Timing cattle breeding for improved calf survival

Research on the Record with Reynold Bergen

I once spent a summer working for canola breeders. Some used traditional selection, while others were experimenting with transgenics. One traditionalist was known to say “sticking a new gene into a plant and expecting it to grow better is like throwing a new gear into a watch and expecting it to keep better time. It’ll probably get worse.”

This article isn’t about canola or genetics, but it is about time and unintended consequences. Specifically, it’s about the timing of the breeding and calving seasons.

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Canada’s cow-calf sector has moved towards fewer, larger beef cow herds. Calving later, on pasture, has been a widely adopted strategy allowing producers to expand their cow herds without a proportional increase in equipment, labour and facilities. When John Basarab led Alberta’s Cow-Calf Audits in the late 1980s and late ’90s, breeding often started in May and calving in late February. In contrast, 70 per cent of the producers responding to the 2017 Western Canadian Cow-Calf Survey started breeding in June or July to calve in March or April.

Cheryl Waldner, Sarah Parker and John Campbell of the Western College of Veterinary Medicine established the Western Canadian Cow-Calf Surveillance Network (WCCCSN) under the 2013-18 Beef Science Cluster. They recently published a study that revealed potential tradeoffs between different breeding and calving seasons (Identifying performance benchmarks and determinants for reproductive performance and calf survival using a longitudinal field study of cow-calf herds in Western Canada; PLoS ONE doi.org/10.1371/journal.pone.0219901).

What they did: The research team worked with 105 cow-calf herds across Alberta, Saskatchewan and Manitoba. Over the next four years, participating producers were surveyed about the start and end of the breeding season, pregnancy rates, and calf survival among cows and first-calf heifers. Data were analyzed based on herd size (herds with less than 300 breeding females vs. 300 or more) and when the breeding season started (April or earlier, May, June and July/August).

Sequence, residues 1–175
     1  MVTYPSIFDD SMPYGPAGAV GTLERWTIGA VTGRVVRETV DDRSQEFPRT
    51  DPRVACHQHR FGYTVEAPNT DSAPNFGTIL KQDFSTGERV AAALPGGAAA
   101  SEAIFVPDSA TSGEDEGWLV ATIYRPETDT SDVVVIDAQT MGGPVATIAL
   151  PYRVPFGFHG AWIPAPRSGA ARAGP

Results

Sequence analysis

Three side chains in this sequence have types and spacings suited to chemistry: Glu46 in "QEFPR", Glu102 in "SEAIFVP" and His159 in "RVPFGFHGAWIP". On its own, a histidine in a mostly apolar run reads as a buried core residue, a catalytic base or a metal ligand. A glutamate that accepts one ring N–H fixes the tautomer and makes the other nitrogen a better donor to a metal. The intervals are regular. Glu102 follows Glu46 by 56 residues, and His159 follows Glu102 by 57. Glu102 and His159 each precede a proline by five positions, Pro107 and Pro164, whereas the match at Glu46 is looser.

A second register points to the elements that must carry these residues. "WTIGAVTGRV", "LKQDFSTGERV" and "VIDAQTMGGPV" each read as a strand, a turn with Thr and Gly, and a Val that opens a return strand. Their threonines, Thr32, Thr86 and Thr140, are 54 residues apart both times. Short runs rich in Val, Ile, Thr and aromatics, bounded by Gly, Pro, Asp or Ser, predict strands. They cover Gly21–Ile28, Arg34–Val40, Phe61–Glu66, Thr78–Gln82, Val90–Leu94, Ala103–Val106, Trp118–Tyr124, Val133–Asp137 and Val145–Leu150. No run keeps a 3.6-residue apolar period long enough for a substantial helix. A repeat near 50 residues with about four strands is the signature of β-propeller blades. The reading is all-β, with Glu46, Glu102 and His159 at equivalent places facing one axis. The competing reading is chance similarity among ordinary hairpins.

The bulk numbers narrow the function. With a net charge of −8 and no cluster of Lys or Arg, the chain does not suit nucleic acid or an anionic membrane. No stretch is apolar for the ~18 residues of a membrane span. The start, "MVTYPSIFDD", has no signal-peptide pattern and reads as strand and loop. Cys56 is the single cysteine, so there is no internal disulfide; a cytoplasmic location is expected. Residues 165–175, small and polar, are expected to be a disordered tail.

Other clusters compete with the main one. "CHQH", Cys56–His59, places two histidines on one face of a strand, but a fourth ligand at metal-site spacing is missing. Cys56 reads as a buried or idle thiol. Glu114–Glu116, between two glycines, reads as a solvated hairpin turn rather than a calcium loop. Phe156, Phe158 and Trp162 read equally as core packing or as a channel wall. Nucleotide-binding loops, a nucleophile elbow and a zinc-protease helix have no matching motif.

What they learned: Cow pregnancy rates were similar in small and large herds, but large herds were more likely to have more open heifers than small herds. Average cow pregnancy rates were highest (94 per cent) when the breeding season started in May or June and lowest when the breeding season began in April or earlier (93 per cent), or in July/August (92 per cent). Heifer pregnancy rates were also lower when breeding began in July/August (87 per cent) compared to earlier (92 per cent). The top 25 per cent of producers achieved pregnancy rates of 95 per cent in both cows and heifers.

Calf death losses in the first 24 hours after birth were lowest (1.7 per cent) on average among cows bred in July/August, intermediate in cows bred in May (2.1 per cent) and June (1.9 per cent), and highest (2.5 per cent) in cows bred in April or earlier. Calf death loss among heifers was the same regardless of when breeding started. Death loss in the first 24 hours was similar regardless of herd size, and the top 25 per cent of producers lost fewer than one per cent of calves born to cows, and zero per cent of heifers’ calves.